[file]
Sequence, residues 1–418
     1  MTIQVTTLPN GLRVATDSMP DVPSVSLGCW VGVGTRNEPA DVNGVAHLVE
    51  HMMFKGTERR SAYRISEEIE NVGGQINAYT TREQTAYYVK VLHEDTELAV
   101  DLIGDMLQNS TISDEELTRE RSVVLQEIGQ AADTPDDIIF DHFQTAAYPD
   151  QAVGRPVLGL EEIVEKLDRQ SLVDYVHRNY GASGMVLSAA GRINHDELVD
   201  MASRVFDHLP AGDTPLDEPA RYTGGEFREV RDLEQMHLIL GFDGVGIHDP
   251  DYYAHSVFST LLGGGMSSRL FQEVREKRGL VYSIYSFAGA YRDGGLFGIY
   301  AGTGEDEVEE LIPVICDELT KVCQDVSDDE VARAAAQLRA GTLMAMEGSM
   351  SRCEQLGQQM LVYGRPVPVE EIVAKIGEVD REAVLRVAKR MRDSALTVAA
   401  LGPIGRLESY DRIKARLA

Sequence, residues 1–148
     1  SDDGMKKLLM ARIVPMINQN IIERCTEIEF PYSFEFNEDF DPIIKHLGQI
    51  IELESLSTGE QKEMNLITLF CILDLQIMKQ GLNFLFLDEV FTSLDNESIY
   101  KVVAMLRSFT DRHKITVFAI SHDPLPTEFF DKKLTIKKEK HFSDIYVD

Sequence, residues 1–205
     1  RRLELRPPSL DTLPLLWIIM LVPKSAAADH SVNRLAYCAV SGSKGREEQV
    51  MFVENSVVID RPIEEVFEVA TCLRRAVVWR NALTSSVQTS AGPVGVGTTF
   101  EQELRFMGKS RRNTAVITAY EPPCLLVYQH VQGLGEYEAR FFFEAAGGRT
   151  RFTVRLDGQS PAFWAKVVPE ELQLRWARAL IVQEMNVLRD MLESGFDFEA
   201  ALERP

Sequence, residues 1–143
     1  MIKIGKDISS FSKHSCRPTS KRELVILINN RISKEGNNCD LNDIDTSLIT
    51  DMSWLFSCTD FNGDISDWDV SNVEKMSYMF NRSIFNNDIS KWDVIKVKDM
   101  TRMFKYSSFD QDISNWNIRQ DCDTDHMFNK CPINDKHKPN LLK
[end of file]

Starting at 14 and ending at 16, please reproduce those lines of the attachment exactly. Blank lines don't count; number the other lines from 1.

   101  KVVAMLRSFT DRHKITVFAI SHDPLPTEFF DKKLTIKKEK HFSDIYVD

Sequence, residues 1–205
     1  RRLELRPPSL DTLPLLWIIM LVPKSAAADH SVNRLAYCAV SGSKGREEQV